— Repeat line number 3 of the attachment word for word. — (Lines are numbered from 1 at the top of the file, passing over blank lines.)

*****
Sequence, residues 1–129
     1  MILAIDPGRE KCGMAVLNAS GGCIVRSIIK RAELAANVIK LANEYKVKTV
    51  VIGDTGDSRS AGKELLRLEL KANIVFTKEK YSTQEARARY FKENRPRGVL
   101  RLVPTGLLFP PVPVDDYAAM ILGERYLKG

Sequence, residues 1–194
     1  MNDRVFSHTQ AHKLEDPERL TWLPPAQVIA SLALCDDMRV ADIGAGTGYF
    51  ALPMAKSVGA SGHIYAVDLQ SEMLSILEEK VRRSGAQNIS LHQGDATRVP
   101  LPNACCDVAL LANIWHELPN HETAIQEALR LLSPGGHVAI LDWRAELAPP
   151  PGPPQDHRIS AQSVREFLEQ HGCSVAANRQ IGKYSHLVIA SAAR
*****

    51  VIGDTGDSRS AGKELLRLEL KANIVFTKEK YSTQEARARY FKENRPRGVL